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Vaginal Mesh Manufacturers Accused of Withholding Information About Product Risks

On July 13, 2012, a lawsuit was filed against Ethicon and other defendants in the U.S. District Court of Kentucky in Bowling Green. The plaintiff, Mary Emerson of Kentucky, alleged that Ethicon, et al deliberately withheld information about the dangers of their vaginal mesh products “actively and intentionally misleading the FDA, the medical community, patients, and the public at large.”

On August 28, 2012, it was transferred to the U.S. District Court, Southern District of West Virginia in Charleston.

Transvaginal mesh failure spurs a Kentucky resident to file suit

Plaintiff Emerson, according to her vaginal mesh attorney, had surgery to implant an unspecified pelvic mesh product to treat stress urinary incontinence and/or pelvic organ prolapse. The surgery was performed in Kentucky. As a result of being implanted with the vaginal mesh device, Emerson allegedly experienced failure of the device and complications that caused her significant physical and mental pain and suffering, permanent injury, and physical deformity. The lawsuit says she has undergone and will undergo corrective surgery, and has suffered financial loss including medical expenses and past, present, and future lost earnings.

Multiple counts are brought against numerous vaginal mesh companies

The defendants in the case, encompassed by “Ethicon et al” included Ethicon, Gynecare, Johnson & Johnson, American Medical Systems Inc., C.R. Bard Inc., Boston Scientific Corporation, Covidien, Inc., and others.

In her lawsuit alleging vaginal mesh complications, the plaintiff brings multiple counts including failure to warn, strict liability, negligence, breach of express warranty, violation of consumer protection laws, unjust enrichment, and more. She seeks compensatory damages, punitive damages, interest, attorneys’ fees, and costs of suit.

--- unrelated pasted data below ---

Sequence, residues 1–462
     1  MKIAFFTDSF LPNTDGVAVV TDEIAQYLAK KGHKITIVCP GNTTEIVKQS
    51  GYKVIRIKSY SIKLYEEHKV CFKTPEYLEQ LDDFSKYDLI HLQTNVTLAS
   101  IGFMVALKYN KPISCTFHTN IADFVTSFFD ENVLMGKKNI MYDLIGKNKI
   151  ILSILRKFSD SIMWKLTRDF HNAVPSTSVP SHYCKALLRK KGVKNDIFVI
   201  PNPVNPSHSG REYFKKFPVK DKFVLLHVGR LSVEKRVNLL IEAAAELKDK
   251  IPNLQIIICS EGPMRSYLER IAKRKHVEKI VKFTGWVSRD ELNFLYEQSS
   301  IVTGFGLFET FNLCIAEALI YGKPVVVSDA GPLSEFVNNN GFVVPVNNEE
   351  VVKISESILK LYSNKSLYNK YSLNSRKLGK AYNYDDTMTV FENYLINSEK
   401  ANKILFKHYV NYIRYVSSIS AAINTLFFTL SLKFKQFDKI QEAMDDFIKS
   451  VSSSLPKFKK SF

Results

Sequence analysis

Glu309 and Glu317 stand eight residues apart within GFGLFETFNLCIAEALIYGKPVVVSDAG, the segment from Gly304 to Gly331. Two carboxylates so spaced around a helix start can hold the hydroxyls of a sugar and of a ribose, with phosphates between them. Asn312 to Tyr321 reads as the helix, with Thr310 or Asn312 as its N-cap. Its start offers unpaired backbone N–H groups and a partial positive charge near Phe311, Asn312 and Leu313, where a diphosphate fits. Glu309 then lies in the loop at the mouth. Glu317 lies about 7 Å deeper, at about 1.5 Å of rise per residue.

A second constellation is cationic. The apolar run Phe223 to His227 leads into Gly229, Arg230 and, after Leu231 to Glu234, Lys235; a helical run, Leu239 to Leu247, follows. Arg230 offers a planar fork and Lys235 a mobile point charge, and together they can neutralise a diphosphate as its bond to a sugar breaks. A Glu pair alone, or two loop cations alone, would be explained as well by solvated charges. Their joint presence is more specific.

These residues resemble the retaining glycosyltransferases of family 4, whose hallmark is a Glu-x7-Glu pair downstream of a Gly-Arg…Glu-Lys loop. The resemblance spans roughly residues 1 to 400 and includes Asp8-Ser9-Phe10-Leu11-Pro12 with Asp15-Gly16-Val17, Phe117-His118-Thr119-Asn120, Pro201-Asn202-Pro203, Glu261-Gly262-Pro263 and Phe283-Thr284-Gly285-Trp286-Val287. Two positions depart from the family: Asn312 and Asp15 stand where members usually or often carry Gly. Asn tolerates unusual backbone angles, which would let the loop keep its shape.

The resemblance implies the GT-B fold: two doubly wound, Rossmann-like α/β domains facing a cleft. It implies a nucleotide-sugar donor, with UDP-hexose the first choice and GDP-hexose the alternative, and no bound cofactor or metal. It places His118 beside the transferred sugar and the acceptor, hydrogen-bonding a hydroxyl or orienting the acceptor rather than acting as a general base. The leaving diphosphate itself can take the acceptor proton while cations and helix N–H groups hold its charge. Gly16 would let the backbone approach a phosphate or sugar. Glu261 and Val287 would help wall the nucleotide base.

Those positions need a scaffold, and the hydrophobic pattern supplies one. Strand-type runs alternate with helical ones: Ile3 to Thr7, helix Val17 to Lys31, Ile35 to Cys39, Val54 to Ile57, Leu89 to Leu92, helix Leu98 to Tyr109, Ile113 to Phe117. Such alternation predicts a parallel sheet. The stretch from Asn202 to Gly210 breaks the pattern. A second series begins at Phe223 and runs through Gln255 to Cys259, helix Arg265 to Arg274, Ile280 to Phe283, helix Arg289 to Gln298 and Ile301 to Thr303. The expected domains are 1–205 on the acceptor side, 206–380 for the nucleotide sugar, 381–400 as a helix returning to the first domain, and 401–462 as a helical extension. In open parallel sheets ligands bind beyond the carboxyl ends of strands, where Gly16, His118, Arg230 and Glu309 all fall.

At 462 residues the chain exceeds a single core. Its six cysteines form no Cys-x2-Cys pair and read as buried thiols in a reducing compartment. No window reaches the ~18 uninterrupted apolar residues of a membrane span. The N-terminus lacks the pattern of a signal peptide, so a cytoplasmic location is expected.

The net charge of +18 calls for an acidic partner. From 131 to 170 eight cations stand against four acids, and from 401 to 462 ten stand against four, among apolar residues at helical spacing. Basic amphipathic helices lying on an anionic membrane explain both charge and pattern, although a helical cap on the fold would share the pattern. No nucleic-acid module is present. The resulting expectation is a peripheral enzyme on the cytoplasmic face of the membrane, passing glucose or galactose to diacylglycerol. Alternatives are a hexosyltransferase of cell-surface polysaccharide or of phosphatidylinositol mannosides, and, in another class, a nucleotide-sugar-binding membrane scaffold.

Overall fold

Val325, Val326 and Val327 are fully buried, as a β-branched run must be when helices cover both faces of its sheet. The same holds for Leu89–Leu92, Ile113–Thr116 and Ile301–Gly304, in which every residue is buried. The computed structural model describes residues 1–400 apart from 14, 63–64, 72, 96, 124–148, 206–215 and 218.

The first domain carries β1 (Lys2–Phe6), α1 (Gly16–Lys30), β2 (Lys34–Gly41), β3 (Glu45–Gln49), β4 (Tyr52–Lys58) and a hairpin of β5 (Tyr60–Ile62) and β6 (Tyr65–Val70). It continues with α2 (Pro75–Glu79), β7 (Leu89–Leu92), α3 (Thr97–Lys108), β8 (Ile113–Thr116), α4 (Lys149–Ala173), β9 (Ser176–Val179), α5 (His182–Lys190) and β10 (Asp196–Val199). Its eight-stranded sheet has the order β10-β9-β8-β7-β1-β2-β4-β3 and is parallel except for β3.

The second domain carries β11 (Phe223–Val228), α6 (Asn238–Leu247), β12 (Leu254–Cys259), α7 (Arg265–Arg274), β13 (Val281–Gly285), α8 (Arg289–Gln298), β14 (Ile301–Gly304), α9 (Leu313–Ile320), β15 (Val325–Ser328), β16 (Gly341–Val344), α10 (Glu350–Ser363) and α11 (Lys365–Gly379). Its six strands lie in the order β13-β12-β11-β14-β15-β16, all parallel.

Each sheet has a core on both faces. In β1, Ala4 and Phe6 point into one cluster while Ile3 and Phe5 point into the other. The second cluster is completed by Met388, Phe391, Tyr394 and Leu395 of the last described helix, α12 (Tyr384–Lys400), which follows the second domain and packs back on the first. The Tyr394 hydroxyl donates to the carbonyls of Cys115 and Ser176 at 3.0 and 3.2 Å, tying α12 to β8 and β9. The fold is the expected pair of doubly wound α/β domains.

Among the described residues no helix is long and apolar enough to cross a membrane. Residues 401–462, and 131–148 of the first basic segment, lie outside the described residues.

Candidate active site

The defendants marketed their pelvic mesh products as “safer and more effective” than traditional methods for treating POP and SUI and competing mesh products, the lawsuit states, and Emerson relied on those assurances of safety when she underwent her surgery and was not expecting failure of pelvic mesh to impact her life.

Despite aggressive marketing to the contrary, vaginal mesh products have high failure rates

Although the defendants aggressively marketed their vaginal mesh devices to patients and the medical community as safe and effective, the products “have high failure, injury, and complication rates, fail to perform as intended, require frequent and often debilitating re-operations, and have caused severe and irreversible injuries … to a significant number of women, including the plaintiff.”

It goes on to say that the defendants failed to perform adequate research and testing to evaluate the risks of their mesh products, but that even the limited pre-market clinical testing that was done revealed that the products “had a higher risk of adverse effects” than other products.

The plaintiff’s attorney alleges that the defendants deliberately suppressed information about the risks of the mesh products, and “actively and intentionally misled and continue to mislead” the public. In doing so, the defendants acted “recklessly and maliciously” in order to advance their own financial interests, “with wanton and willful disregard for the rights and health of the plaintiff.”

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